# Calculating $\lim_{x\to\frac{\pi}{2}}(\sin x)^{\tan x}$

Please help me calculate: $\lim_{x\to\frac{\pi}{2}}(\sin x)^{\tan x}$

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Hint: this function is continuous at $\pi/4$. –  1015 Feb 10 '13 at 18:57
Wait: this is not the same question! –  1015 Feb 10 '13 at 19:01
yes, but i made a mistake –  Matema Tika Feb 10 '13 at 19:02
You could try L'hospital rule. –  Valtteri Feb 10 '13 at 19:05
With complicated products or powers: always take logarithms! –  Greg Martin Feb 10 '13 at 19:44

Take $y=(\sin x)^{\tan x}$

Taking log on both sides we have,

$\log y=\tan x\log(\sin x)=\frac{\log(\sin x)}{\cot x}$

Now as $x\to \pi/2$, $\log(\sin x)\to 0$ and $\cot x\to 0$

Now you can use L'Hospital's Rule.

$$\lim_{x\to \pi/2}\frac{\log(\sin x)}{\cot x}=\lim_{x\to \pi/2}\frac{\cos x}{\sin x(-\csc^2 x)}=\lim_{x\to \pi/2}\frac{\cos x}{-\sin x}=0$$

$$\Rightarrow \log y\to 0, \text{as}, x\to \pi/2$$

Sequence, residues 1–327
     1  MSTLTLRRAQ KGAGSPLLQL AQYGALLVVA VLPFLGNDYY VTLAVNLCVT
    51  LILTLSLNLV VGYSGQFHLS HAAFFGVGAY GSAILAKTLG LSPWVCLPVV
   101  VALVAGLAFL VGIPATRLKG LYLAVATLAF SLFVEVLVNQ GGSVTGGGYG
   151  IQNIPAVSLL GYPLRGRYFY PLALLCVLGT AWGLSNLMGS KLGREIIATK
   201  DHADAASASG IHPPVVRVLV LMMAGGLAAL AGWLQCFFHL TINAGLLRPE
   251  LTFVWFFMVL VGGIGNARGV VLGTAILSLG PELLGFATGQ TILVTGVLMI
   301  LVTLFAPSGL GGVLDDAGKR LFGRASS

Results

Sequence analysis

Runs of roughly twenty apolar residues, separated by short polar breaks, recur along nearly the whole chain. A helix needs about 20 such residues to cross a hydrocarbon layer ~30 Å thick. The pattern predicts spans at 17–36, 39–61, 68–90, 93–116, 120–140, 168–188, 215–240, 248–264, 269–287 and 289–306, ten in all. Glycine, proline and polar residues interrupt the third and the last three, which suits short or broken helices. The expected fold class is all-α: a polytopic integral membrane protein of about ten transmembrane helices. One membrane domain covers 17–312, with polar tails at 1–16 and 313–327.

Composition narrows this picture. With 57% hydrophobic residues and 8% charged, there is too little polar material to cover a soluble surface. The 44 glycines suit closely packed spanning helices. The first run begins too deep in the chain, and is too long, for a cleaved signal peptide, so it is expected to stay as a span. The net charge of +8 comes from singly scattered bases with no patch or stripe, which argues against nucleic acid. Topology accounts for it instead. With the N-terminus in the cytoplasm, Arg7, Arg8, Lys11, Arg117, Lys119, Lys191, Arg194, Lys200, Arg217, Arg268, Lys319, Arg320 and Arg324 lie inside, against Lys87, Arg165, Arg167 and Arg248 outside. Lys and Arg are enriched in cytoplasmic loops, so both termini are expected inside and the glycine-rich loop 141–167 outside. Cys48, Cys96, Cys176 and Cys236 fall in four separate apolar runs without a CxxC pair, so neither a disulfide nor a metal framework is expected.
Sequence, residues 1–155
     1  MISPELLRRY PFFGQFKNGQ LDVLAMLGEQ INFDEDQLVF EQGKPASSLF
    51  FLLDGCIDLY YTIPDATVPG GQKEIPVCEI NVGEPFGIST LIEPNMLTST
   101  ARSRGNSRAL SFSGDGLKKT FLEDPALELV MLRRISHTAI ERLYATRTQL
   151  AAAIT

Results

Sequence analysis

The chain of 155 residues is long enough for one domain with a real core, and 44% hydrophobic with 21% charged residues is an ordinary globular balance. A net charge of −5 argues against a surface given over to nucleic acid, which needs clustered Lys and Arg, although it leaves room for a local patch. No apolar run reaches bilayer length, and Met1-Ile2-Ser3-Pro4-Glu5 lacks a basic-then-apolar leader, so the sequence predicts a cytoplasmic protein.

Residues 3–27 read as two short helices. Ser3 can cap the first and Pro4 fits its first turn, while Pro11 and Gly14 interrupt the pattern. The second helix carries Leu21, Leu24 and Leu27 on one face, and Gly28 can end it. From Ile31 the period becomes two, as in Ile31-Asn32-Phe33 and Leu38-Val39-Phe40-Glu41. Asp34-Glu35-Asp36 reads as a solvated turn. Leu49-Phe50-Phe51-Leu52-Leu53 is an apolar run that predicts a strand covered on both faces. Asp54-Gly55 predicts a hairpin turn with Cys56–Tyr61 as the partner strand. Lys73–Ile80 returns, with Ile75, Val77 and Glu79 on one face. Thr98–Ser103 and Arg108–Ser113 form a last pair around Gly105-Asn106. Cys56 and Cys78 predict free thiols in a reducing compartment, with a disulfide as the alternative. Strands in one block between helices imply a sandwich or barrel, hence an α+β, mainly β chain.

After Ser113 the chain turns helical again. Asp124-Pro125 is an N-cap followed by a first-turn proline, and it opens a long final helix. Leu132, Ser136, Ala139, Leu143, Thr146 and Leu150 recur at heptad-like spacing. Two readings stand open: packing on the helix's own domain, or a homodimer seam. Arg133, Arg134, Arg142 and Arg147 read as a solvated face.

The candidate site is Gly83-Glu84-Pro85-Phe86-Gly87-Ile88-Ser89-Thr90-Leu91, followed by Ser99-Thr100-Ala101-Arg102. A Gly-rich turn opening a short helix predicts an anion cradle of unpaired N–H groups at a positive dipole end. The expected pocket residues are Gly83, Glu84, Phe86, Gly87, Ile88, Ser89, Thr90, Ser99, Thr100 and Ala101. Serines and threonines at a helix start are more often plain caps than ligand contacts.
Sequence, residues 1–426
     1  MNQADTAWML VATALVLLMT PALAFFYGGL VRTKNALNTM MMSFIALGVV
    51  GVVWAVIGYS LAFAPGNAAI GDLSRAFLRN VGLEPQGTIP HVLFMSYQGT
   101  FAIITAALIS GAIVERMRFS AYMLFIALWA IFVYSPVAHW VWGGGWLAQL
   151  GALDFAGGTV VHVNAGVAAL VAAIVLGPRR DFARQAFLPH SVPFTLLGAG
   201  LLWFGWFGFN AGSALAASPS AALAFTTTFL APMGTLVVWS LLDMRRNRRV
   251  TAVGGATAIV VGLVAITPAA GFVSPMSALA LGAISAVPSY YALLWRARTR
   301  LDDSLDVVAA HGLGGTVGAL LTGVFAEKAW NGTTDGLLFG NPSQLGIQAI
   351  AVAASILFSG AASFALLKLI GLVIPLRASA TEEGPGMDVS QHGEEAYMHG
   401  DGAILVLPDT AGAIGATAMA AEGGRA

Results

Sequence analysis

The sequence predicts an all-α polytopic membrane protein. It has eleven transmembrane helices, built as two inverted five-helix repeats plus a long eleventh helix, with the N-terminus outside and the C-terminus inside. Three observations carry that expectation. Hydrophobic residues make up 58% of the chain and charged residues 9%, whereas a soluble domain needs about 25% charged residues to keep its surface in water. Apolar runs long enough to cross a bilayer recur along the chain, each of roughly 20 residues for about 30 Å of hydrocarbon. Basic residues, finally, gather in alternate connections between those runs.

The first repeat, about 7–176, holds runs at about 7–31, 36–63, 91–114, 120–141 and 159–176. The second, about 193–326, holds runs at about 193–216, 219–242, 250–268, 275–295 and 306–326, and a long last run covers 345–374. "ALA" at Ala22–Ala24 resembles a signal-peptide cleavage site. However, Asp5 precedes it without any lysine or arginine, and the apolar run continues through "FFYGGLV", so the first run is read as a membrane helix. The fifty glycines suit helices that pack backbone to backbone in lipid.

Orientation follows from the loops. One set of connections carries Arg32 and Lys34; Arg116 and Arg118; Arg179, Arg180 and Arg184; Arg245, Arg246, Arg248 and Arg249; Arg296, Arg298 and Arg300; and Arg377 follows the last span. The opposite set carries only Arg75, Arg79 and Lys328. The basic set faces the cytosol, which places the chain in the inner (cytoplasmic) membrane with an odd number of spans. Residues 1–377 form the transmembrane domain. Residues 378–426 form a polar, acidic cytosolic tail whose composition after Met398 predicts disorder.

$$\Rightarrow y\to \exp^0, \text{as}, x\to \pi/2$$

$$\Rightarrow y\to 1, \text{as}, x\to \pi/2$$

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i think the results is 1 –  Matema Tika Feb 10 '13 at 19:19
Yes you are right @MatemaTika –  Abhra Abir Kundu Feb 10 '13 at 19:20
HINT $$\lim_{x \to a}f(x)^{g(x)} = \left(\lim_{x \to a} f(x) \right)^{\lim_{x \to a}g(x)}$$ if $f(x)$ and $g(x)$ are continuous in the neighborhood of $a$ and $\lim_{x \to a} f(x) \in \mathbb{R}, \lim_{x \to a}g(x) \in \mathbb{R}$. This is all you need to compute the limit you want.
This is the answer to the new question. \begin{align} \underbrace{\lim_{x \to \pi/2} (\sin(x))^{\tan(x)} = \lim_{t \to 0} \cos(t)^{\cot(t)}}_{t \mapsto \pi/2-x} &= \lim_{t \to 0} \left(1 - 2 \sin^2(t/2)\right)^{\cot(t)}\\ &= \lim_{t \to 0} \left(1 - 2 \sin^2(t/2)\right)^{\frac1{2\sin^2(t/2)} \cdot 2 \sin^2(t/2)\cot(t)} \end{align} Now $$2 \sin^2(t/2)\cot(t) =2\sin^2(t/2) \dfrac{\cos(t)}{\sin(t)} = 2\sin^2(t/2) \dfrac{\cos(t)}{2 \sin(t/2) \cos(t/2)} = \cos(t) \tan(t/2)$$ Now let $f(t) = \left(1 - 2 \sin^2(t/2)\right)^{\frac1{2\sin^2(t/2)}}$, $g(t) = \cos(t) \tan(t/2)$ and $a=0$.
You might also make use of the following limit $$\lim_{y \to 0}(1-y)^{1/y} = \dfrac1e$$ to evaluate $\lim_{t \to 0} f(t)$.